Shoreditch’s rough-and-ready neighbour Bethnal Green has managed to remain an authentically East End ’hood despite the steady spread of gentrification. For every new coffee shop and cocktail bar that crops up in the area, you’ll find a family-run restaurant and a traditional boozer not far away.
Bag some bargain blooms at Columbia Road Flower Market
East London’s vibrant Sunday flower market is a local favourite. Here, you can barter with market stall merchants for everything from houseplants and fresh bouquets to succulents and seeds. Columbia Road is well worth a visit from Monday to Saturday, too: the lack of Sunday crowds leaves you free to wander the street’s many independent businesses, including art galleries, antique stores, homeware boutiques and even an old-school sweet shop.
Take a trip down memory lane at the V&A Museum of Childhood
Make Do and Mend Exhibition, 2009 | Courtesy of V&A Museum of Childhood
The Victoria & Albert Museum of Childhood is London’s most nostalgic museum, showcasing dollhouses, action figures, teddy bears and various other childhood objects dating as far back as the 1700s. Alongside its permanent collections, Bethnal Green’s toy museum hosts film screenings, workshops for kids and inspiring exhibitions. Admission is free.
Run by the same family for over a century, this much-loved café on Bethnal Green Road is a must for breakfast or lunch – even if just for the cool Art Deco interior. The place is small and always busy, but known for its incredibly friendly, hospitable atmosphere. You’ll leave with a smile on your face and, if you’re lucky, some free bread-and-butter pudding.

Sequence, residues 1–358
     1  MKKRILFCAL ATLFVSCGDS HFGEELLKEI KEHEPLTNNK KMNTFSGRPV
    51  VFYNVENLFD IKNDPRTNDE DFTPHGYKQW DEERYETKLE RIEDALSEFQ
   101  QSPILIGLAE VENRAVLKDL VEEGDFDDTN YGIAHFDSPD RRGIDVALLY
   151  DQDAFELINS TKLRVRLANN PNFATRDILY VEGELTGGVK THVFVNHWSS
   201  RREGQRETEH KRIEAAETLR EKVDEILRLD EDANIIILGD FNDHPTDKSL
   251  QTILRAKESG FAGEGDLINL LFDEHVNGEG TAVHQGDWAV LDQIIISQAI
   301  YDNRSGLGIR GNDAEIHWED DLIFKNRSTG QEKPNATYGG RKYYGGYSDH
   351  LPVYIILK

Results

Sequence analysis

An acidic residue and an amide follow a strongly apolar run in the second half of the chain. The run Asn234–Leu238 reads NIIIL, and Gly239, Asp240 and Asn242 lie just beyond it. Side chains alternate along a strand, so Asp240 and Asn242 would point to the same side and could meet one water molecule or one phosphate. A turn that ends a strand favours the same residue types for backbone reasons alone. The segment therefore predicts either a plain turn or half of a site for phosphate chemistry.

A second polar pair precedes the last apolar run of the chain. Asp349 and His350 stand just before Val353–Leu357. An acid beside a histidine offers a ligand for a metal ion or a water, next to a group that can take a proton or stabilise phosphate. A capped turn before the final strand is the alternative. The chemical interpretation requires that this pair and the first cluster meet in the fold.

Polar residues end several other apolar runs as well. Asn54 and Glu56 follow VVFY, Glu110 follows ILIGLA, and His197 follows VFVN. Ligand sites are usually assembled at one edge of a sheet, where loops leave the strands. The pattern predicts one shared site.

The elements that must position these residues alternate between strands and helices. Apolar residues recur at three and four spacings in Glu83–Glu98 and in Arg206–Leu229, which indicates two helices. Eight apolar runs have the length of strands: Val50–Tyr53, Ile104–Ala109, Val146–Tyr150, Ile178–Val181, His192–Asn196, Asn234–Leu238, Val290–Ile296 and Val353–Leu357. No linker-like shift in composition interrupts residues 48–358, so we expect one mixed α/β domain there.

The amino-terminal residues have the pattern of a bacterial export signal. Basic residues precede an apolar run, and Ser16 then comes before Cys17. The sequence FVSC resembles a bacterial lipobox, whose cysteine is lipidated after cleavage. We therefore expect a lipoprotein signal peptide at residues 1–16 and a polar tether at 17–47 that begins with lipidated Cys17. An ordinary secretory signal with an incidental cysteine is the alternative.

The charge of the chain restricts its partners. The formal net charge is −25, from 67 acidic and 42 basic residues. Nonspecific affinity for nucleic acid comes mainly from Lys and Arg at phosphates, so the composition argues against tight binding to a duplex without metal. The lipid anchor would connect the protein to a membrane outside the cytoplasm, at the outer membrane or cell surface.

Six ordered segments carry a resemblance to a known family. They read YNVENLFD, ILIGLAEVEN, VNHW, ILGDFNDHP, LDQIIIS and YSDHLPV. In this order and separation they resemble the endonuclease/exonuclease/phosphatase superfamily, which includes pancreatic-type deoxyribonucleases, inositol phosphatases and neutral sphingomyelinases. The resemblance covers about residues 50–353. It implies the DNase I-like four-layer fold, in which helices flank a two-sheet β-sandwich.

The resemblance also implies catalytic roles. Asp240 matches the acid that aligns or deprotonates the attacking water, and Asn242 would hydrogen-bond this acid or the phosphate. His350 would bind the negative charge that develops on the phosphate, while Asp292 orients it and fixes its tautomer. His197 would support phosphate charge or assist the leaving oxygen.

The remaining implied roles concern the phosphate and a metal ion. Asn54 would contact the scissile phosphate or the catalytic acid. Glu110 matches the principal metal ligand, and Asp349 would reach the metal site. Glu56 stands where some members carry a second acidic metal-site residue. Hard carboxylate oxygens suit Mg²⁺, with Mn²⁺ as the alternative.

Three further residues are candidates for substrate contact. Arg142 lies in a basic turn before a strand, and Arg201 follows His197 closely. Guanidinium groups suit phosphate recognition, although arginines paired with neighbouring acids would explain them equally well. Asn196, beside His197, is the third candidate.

Get rowdy (and raunchy) at Bethnal Green Working Men’s Club
Gastropub, Nightclub, Pub Grub
Virgin Xtravaganzah Ⓒ fdphoto.co.uk | Courtesy of Workingmen’s club
A working men’s club since 1887, this East End institution remains London’s go-to spot for a night of proper entertainment. With a roster of offbeat events ranging from comedy and cabaret to panto and burlesque, the club proudly supports local performers and creatives, as long as it’s a party worth throwing. Head here for everything kitschy and kinky – just leave your pretensions at the door.
Down the road from Bethnal Green Working Men’s Club is London Buddhist Centre, the perfect place to cleanse your chakra after all that debauchery. Offering drop-in yoga classes, meditation and mindfulness courses and even creative writing workshops and film nights, the centre is a tranquil respite from city living.
If you’re looking for bona fide East End grub, look no further than G Kelly. An acclaimed pie shop serving up jellied eels, classic meat pies and mashed potatoes, head here for hearty meals that will fill you up without emptying your purse.
This Bethnal Green comedy club is one of London’s best, biggest and longest-standing comedy venues, and is owned by British stand-up and TV regular Lee Hurst. Big names and bright newcomers take to the stage almost every night of the week, and customers are free to enjoy table football, ping-pong and board games. It’s the perfect place for a cheap and cheerful evening out.
Test your knowledge at The Star of Bethnal Green’s quiz
Pub, Pub Grub, Vegetarian, $$$
A friendly, modern boozer that’s become a hit with E2’s bright young things, The Star of Bethnal Green is a must-visit for its Tuesday quiz night. With a boisterous quizmaster and extra points available for dancing during the music round, the quiz night is a regular on lists of the best things to do in London. The pub’s bottomless brunch and raucous karaoke room also draw in locals.
Go to Repton Boxing Club and learn about the history of the sport
A legendary old boxing gym once frequented by the Kray twins, Repton Boxing Club allows visitors to learn about the history of boxing in the East End and get a first-hand insight into its modern-day significance. It’s housed in a Victorian bathhouse, and you’ll find walls adorned with boxing posters dating back to the ’50s, framed photographs, vintage punching bags and, of course, a huge boxing ring.
Of all the new cocktail bars opening in the area, Coupette is the slickest of the bunch. It was set up by former head bartender at the Savoy’s Beaufort Bar, Chris Moore. Expect immaculately concocted drinks using regional French liqueurs and a menu of classic French dishes, including confit duck leg and croque-monsieur.